Syria has finally signed a peace treaty that the global community is hoping will end the violence many believed could lead to a civil war.
On Monday, Syria’s Foreign Minister Walid Moallem told the press: “They advised us to sign the protocol and we followed their advice.”
It is unclear whose advice Moallem is citing, with the United States, NATO allies, and most recently, Russia all urging the Syrian government to sign the proposal.
The Arab League issued sanctions against Syria and threatened harsh punishment unless the country signed its proposal, which called for government troops to be withdrawn, dialogue between opposing forces to begin, and Arab League monitors to be allowed inside to observe the cessation of violence.
Moallem also stated: “The signature of the protocol is the beginning of cooperation between us and the Arab League and we will welcome monitors from the Arab League.”
Protests began in March, and since then, over 5000 Syrians have been killed. President Bashar al-Assad has denied any government brutality, telling ABC’s Barbara Walters he feels no guilt about the deaths.
World leaders have called for Assad to step down and allow Syrians to move toward democracy. U.S.-based Human Rights Watch issued a report last week entitled “By All Means Necessary,” which detailed the accounts of military defectors who participated in the crackdown against protesters.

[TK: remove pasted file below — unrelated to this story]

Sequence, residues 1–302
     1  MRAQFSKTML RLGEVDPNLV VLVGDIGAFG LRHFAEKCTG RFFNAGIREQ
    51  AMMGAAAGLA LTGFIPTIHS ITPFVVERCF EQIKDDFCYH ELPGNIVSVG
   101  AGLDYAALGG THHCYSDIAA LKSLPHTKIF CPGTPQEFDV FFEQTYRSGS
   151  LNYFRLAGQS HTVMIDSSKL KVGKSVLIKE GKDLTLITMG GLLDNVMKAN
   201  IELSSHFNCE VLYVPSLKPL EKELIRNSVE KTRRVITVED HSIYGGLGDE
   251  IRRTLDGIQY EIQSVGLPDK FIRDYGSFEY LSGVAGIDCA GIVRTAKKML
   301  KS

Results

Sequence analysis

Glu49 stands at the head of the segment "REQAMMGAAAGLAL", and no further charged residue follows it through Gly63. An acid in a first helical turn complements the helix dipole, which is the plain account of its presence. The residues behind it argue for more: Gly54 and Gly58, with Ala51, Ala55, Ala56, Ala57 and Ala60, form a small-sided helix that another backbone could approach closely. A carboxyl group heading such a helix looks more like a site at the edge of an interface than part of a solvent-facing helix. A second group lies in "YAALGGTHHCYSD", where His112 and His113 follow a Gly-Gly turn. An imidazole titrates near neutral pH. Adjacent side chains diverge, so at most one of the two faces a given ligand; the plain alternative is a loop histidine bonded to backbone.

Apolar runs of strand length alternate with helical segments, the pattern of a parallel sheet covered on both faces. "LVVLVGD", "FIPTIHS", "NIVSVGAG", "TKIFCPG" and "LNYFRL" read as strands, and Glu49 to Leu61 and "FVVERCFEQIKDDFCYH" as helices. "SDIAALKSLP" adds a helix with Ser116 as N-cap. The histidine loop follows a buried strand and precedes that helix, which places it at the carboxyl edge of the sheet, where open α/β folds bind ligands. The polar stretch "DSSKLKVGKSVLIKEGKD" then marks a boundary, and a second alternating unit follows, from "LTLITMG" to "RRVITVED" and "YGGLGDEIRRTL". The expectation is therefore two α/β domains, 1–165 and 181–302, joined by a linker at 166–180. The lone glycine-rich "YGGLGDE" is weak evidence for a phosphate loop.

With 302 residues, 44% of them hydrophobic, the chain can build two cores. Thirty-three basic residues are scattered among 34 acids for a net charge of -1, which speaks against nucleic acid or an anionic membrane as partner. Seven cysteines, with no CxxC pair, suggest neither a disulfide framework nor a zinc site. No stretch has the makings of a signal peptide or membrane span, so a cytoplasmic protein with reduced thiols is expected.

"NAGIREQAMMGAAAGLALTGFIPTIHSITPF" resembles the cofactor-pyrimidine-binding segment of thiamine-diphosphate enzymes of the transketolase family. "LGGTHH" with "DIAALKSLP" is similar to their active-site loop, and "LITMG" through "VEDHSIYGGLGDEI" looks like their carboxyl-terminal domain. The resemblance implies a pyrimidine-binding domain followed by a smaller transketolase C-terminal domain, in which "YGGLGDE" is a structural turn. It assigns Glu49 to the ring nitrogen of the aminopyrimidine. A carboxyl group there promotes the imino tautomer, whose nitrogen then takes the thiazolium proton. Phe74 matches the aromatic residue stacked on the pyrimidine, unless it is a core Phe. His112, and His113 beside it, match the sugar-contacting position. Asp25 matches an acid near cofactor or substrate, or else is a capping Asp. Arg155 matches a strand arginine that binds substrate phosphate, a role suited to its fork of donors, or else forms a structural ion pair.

The report revealed orders issued to troops included “standing orders to stop the protests ‘by all means necessary.’” Defectors described acts of torture and murder against civilian protesters, many unarmed, and told of the severe punishment for those who refused to obey.
According to AP, U.S. State Department Official Frederic Hof told Congress last week, “Our view is that this regime is the equivalent of a dead man walking. I do not see this regime surviving.”
The United Nations met last month in a special session to address the unrest in Syria, which many feared would lead to civil war. For now it appears that the Syrian government is willing to cooperate, but it has gone back on its word before.
After initially announcing that Syria was to sign the League’s treaty, forces fired on a group of protesters after Friday’s evening prayers, killing six. There has been no word from the U.S. or Arab League on this latest development.